The US, under President Donald J. Trump, provided the first substantial deviation from that norm, announcing its intention to defend tariffs on steel and aluminium by appealing to Article XXI. As part of its claim, the US asserted that, once Article XXI was invoked, the issue exited WTO justiciability. The US claim was seen as something of a signal to others that Article XXI had become an acceptable legal gambit, and Russia, who would defend its case in advance of the US dispute, took up this argument in Russia-Transit. Of course, the legal narratives in Russia-Transit were nested within the real-world saga between Russia and Ukraine and the Panel in that case was quick to point this out, stating that the case before it “must be understood in the context of the serious deterioration of relations between Ukraine and Russia that occurred following a change in government in Ukraine in February 2014”. That ‘deterioration’ included, from Russia’s perspective, Ukraine’s further integration with the EU, efforts hallmarked by the European Union-Ukraine Association Agreement, which also established a Deep and Comprehensive Free Trade Area, signed in June 2014. In response, Russia did, inter alia, make trade destined for, and originating from, Ukraine, more onerous. In particular, Russia refused to allow transit through Russian territory for trade transactions between Ukraine, Kazakhstan, and the Kyrgyz Republic. As part of the scheme, Russia required that all rail and road transit from Ukraine to the aforementioned countries be carried out from Belarus.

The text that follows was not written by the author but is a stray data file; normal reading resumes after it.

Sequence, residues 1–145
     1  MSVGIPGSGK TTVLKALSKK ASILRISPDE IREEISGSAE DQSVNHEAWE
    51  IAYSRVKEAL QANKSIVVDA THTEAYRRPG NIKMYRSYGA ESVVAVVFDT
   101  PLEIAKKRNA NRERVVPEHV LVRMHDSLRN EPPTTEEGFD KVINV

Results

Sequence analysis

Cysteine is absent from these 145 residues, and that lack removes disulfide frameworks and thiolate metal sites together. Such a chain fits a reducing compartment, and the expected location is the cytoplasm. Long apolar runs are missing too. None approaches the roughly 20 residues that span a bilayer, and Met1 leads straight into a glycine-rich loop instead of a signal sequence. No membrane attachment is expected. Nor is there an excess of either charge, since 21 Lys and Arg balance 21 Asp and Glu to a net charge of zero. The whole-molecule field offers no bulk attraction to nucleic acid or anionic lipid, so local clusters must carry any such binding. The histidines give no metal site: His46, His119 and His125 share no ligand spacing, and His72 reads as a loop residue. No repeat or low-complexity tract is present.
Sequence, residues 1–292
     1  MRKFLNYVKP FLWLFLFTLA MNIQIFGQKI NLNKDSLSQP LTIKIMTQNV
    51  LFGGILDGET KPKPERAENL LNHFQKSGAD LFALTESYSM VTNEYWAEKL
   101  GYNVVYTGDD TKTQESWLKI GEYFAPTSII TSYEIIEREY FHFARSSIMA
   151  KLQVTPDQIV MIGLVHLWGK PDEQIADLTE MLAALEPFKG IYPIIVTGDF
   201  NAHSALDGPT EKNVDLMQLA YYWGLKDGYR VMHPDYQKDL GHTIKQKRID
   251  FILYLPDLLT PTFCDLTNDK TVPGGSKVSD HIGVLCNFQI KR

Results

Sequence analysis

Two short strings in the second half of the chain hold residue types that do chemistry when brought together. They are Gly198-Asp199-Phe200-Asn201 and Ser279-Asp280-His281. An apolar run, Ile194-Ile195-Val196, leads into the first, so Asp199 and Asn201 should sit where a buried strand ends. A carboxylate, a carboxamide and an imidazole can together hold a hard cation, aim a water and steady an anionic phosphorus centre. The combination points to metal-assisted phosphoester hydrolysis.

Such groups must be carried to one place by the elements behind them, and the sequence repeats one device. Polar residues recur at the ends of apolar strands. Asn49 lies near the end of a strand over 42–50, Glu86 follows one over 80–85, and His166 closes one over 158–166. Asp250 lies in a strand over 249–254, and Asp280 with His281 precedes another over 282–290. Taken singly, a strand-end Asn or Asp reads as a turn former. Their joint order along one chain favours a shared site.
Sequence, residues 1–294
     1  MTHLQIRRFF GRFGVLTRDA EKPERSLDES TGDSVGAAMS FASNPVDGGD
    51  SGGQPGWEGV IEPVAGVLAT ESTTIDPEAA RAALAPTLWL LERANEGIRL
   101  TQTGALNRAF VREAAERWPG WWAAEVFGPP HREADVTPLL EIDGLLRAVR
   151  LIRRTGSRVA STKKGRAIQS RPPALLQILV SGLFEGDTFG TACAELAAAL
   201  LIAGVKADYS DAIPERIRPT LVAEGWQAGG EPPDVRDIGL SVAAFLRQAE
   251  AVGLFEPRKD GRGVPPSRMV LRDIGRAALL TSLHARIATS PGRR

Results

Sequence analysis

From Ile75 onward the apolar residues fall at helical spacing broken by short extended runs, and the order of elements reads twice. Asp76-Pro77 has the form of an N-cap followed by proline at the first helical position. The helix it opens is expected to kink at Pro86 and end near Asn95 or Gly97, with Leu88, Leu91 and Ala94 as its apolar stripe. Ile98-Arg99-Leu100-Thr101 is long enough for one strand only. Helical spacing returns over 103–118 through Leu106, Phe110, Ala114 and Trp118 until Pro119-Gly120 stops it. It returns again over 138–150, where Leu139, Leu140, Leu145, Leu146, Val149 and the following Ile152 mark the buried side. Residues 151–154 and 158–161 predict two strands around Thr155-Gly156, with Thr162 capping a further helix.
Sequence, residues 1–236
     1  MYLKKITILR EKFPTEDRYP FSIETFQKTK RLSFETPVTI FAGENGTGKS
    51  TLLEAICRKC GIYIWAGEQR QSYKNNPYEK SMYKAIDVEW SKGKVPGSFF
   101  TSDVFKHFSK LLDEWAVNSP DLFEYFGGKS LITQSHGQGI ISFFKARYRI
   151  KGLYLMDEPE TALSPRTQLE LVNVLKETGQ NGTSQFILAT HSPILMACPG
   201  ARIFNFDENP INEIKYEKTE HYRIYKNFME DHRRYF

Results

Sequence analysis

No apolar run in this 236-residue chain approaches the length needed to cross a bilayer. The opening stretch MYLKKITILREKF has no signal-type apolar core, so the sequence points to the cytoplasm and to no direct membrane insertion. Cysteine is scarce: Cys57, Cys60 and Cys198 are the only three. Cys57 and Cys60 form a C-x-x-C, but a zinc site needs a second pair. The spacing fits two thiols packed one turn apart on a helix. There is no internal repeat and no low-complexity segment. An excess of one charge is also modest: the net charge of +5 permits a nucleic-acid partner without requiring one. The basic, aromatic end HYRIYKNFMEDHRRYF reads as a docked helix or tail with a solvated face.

In response to these measures, Ukraine alleged that Russia was acting inconsistently with, inter alia, Article V:2 of the GATT, which states that “There shall be freedom of transit through the territory of each Member, via the routes most convenient for international transit, for traffic in transit to or from the territory of other Members. No distinction shall be made which is based on the flag of vessels, the place of origin, departure, entry, exit or destination, or on any circumstances relating to the ownership of goods, of vessels or of other means of transport”. Ultimately, the Panel found that Russia had, in fact, acted inconsistently with obligations under both sentences of Article V:2 of the GATT, though this determination was ostensibly arrived at rather easily, as Russia offered little to contradict the assertions made by Ukraine. Instead, Russia relied almost exclusively on Article XXI of the GATT and, in particular, on the notion of non-justiciability, to justify its behaviour.